With the growing demand for databases for several applications in the modern world, scaling them is equally important to increase the database capability to store and process more data. Achieving the same can be critical. Database scaling can be done horizontally or vertically. While vertical scaling means adding resources such as a vCPU's, disk, or memory to the existing nodes, horizontal scaling deals with adding nodes with the existing nodes behind the load balancer. Horizontal scalability eliminates the need to add the new hardware in the existing node and cuts the related cost too.
Implementing horizontal scalability is not as easy as it appears and demands development effort. PostgreSQL is a stable database management system, known for its resilience and integrity. The qualities of this open-source relational database management system make it preferable for large-scale web, mobile, and analytical applications. Due to its added stability, PostgreSQL offers both vertical and horizontal scalability. This article explains one of the most important concepts of PostgreSQL, that is, multi-master replication, and how it is implemented practically for scaling resources.
What is Multi-master Replication?
Multi-Master Replication is a concept where data is replicated in a group of connected database servers and anyone can update the database which is replicated to other systems updated by those servers. The multi-master replication adds a bi-directionality element to the process.
In Multi-master replication, multiple nodes accept write queries, and all the nodes house the same data. The primary usage of multi-master replication is ensuring all-time availability, thus when the primary server experiences failure, standby is not required.
In the further section, we will explain the actual Multi-master Replication in PostgreSQL.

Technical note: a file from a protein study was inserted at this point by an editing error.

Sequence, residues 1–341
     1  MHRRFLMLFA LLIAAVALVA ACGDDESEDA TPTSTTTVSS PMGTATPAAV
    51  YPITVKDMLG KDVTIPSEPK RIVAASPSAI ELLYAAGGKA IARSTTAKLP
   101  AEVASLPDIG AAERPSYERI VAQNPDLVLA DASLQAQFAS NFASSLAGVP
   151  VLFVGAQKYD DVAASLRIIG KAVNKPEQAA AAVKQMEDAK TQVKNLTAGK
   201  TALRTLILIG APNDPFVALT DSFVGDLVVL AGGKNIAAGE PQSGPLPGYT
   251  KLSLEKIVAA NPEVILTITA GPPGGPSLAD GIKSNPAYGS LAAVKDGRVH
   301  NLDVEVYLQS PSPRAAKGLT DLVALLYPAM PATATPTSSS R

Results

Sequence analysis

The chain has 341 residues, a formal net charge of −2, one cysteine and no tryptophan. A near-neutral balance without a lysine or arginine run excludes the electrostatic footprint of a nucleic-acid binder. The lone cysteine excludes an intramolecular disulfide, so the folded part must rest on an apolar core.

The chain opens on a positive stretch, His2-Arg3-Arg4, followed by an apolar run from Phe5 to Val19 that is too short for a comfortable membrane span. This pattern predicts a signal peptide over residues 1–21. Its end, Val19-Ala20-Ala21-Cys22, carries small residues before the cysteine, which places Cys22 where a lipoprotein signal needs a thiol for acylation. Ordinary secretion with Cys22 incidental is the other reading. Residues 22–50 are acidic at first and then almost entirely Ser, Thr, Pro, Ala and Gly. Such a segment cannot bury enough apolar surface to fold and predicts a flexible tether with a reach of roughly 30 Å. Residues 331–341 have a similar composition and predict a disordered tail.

PostgreSQL Multi-master Replication
PostgreSQL is by default built to offer single-master replication and multi-master replication is not present in it. At present, some vendors offer Bidirectional replication products supporting multi-master replication in PostgreSQL. The latest PostgreSQL versions are not open-source.
Multi-master Replication is achievable using Bidirectional replication (BDR), which is explained further.
PostgreSQL Multi-master Replication Process
Multimaster replication in PostgreSQL is done in six parts and starts once the system configuration is done.
Part 1: System Configuration
This is the first part of replication where BDR installation is performed with the pglogical plugin (logical replication solution). Here, postgresql. conf and pg_hba.conf files are modified and the service is restarted explained in the following steps.
Step1: Install pglogical plugin and BDR.
Step 2: Configure postgresql.conf file using the commands:
(For resolving conflict).
Step 3: Create a user and grant it superuser privileges for managing BDR connectivity.
CREATE USER user1 WITH SUPERUSER REPLICATION PASSWORD ‘user_password’;